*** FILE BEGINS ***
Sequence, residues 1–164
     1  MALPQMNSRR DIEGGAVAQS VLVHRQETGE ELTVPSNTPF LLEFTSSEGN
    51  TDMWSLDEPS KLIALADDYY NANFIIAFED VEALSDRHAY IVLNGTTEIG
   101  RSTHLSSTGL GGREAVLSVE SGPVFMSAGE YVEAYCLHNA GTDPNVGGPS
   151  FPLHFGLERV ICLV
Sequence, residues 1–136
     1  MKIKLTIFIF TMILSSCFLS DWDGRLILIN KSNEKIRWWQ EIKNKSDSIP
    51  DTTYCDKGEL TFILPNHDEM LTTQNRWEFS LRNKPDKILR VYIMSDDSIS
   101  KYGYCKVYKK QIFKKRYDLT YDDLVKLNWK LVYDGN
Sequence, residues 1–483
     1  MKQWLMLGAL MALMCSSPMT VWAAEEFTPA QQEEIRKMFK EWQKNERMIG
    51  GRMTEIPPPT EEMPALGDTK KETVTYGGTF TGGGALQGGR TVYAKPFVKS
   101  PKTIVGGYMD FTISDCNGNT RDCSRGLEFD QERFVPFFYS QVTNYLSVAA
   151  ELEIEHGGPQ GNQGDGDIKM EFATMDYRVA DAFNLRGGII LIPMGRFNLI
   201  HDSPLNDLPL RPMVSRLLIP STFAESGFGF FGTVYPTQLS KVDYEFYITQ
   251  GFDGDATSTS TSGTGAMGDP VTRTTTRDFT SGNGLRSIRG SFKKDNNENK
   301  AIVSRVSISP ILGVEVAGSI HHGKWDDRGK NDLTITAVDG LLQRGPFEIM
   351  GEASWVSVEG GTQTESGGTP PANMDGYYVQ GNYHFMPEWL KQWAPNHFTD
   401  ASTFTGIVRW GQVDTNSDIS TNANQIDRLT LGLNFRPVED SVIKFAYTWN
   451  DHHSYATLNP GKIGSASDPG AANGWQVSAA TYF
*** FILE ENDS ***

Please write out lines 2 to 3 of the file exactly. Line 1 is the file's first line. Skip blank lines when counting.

     1  MALPQMNSRR DIEGGAVAQS VLVHRQETGE ELTVPSNTPF LLEFTSSEGN
    51  TDMWSLDEPS KLIALADDYY NANFIIAFED VEALSDRHAY IVLNGTTEIG